Allow me to introduce you to Myron.
Myron is the number-two guy at Ketcham Trap, the New Bedford fishing supply business we buy our oyster cages from. The number-one guy is Bob Ketcham, and both Bob’s wife Mona and Myron’s wife Michelle work alongside them in the office. The four of them, essentially, are Ketcham Trap. (I should note that, technically, the business is called Ketcham Supply Corp., but we’ve been calling it Ketcham Trap too long to stop. Is that OK, Bob?)
Myron is the person we deal with most, and we like him for a lot of reasons, but mostly because it’s impossible to be in a bad mood around him. This is particularly true when Michelle is with him, but when she’s off doing other things, he’s capable of doing the mood elevating solo. He has an irrepressible, off-color, gleeful good nature. He thinks everything is funny, or maybe stupid. He is smart and irreverent and good at what he does.
We’d ordered 150 oyster cages, each four feet by three, and six inches deep. Myron could have had them delivered to us, but we figured that, now that we have a big hairy truck and trailer, we could save the delivery charge by picking them up ourselves. We weren’t quite sure they would all fit, but Myron assured us that a full-size pick-up with trailer could handle the load.
So, yesterday we hooked up the landscape trailer to the big hairy truck and headed out to New Bedford.
To look at it, you probably wouldn’t know that Ketcham Trap is a thriving business. It’s in an old three-story brick building that looks like a warehouse but was, for many years, an elementary school. “It was my elementary school,” Myron says with a grin. “And all the teachers told me that, if I didn’t shut up, I’d never get out of here.” That he now makes a very good living in that very building, and still doesn’t shut up, is a bit of irony that Myron clearly relishes.
The building is in a gritty part of town, and the signs on it are hand-lettered and irregular. The lot is piled with lobster pots, oyster cages, and giant spools of rope. The office has bare floors, haphazard furniture, and surfaces covered with gloves, boots, and jackets. But Ketcham supplies a wide range of fishermen, lobstermen, and oyster farmers, in a part of the world that has a lot of all of them. I don’t have access to their books, but I know Myron takes way better vacations than we do.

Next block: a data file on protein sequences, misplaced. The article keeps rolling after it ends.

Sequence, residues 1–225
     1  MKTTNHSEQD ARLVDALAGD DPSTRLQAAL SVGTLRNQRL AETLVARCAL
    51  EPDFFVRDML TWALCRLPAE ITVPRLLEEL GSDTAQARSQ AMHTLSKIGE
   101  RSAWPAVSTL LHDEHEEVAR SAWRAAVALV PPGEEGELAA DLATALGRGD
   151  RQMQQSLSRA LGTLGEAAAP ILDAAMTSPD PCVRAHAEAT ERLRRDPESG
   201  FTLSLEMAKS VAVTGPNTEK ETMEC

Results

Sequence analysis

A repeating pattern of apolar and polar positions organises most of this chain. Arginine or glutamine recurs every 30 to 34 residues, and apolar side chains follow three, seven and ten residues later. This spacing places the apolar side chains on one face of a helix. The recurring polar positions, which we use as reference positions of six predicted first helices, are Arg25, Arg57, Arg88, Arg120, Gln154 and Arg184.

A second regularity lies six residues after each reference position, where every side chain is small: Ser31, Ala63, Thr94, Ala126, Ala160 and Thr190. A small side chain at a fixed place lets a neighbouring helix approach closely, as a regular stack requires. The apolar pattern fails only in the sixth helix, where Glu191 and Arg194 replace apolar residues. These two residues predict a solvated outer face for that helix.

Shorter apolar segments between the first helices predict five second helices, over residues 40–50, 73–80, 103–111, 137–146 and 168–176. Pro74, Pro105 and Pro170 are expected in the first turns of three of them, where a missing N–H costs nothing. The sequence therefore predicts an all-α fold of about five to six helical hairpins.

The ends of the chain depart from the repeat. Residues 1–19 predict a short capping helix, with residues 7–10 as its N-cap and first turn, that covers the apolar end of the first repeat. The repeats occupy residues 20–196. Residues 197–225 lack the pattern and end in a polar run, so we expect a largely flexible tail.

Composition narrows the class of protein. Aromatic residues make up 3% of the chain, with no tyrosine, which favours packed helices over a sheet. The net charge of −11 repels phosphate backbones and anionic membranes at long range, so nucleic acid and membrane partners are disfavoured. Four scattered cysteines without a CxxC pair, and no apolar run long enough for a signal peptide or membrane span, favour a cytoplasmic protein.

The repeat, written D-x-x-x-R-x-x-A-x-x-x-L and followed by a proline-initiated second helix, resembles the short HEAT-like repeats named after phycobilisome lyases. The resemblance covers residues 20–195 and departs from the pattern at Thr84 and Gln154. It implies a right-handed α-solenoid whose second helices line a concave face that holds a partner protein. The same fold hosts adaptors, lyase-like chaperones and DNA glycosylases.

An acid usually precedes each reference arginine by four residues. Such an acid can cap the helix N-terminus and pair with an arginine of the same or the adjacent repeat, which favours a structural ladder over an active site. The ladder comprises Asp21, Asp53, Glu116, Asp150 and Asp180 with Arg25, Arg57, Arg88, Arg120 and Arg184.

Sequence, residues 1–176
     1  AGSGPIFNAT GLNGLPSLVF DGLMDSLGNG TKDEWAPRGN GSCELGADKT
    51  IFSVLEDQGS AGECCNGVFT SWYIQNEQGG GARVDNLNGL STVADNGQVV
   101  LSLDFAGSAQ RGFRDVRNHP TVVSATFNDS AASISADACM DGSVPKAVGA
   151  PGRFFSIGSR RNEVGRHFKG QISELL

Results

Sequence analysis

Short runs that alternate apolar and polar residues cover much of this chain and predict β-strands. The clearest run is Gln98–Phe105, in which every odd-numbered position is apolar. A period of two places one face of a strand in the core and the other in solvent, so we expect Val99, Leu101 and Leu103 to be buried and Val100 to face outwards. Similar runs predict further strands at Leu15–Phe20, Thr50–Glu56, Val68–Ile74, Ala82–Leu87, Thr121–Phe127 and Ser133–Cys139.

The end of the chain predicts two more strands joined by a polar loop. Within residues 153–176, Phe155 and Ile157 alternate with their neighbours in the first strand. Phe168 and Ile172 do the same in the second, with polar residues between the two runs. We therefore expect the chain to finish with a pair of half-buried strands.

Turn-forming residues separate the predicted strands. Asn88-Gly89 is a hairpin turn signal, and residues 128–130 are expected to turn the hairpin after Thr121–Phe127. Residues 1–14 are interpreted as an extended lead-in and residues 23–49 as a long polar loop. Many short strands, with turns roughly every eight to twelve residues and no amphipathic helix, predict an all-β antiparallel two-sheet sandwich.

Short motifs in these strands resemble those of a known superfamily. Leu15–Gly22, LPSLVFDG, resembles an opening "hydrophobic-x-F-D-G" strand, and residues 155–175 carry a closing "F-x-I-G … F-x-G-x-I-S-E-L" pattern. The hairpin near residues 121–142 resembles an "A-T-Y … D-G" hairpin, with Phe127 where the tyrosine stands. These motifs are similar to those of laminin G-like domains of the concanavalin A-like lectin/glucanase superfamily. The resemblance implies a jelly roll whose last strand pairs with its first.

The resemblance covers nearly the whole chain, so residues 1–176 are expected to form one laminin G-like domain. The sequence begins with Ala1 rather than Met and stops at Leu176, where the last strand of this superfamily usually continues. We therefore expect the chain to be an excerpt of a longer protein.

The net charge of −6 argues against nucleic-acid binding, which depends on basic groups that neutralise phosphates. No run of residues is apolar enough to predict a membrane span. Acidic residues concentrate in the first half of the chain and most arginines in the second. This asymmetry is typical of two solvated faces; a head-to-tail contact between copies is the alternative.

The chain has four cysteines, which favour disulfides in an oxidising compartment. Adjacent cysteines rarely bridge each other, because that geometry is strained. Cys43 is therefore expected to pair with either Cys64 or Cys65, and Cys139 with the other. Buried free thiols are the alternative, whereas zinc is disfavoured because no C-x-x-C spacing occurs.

We pulled into the yard, and parked next to our order, which was stacked on pallets. The stacks seemed awfully high, and it looked like, contrary to what we’d been told, we wouldn’t be able to get everything loaded. When Myron came out, that’s what said to him. “Well, you didn’t tell me you had this little toy trailer,” he said. That’s the kind of thing Myron says all the time.
“We won’t get it all, but we’ll get most of it,” he went on, and called a couple of young guys who worked there over to help.
It wasn’t Myron’s job to load our truck. We were doing the pick-up, and were fully prepared to do the loading. But Myron knows he’s loaded more trucks with more oyster cages than, possibly, anyone on the planet, and he’s better at it than we are.
When you’re trucking items that are relatively large, but light, using diesel fuel that’s expensive, packing the truck as full as possible is the name of the game, and Myron packed our truck in a way I never would have thought of. He piled one stack of trays in the bed until it came up to the top of the bed walls, and then he piled two stacks on top of that, balancing on the single stack and the walls of the bed, with the edges sticking out about a foot.
Then, a single tray on top, over the seam between the two stacks, and a bunch of rope tied tightly and strategically. We got 52 trays on the truck, and another 60, stacked the same way, on the trailer.
I’ll admit that I was a little skeptical. It looked a bit precarious to me. But Myron assured us he’d loaded lots of trucks that way, with only the occasional mishap. He told us he used to pack even more aggressively, and he once, in his youth, seriously overloaded his delivery truck with lobster pots. He wasn’t halfway to his destination when he saw the flashing lights behind him, and a cop pulled him over.
The cop walked around the truck looking at the tower of traps, and then came to the driver’s side window. “Son,” the cop said, “Just where you goin’ with all them chicken coops?”
Since then, he’s learned to walk the fine line of just enough overloading to avoid the scrutiny of law enforcement. And he does it well. We got home without incident and at least one police officer passed us without paying us any special attention.
Other than the boat, the cages are our biggest expense, and it’s good to know that, with this order, we have a full complement. They have at least a five-year lifespan (if all goes well), so we won’t have to do this again any time soon. Which means that, next time we’re in a bad mood, we’ll have to find something else to buy at Ketcham Trap.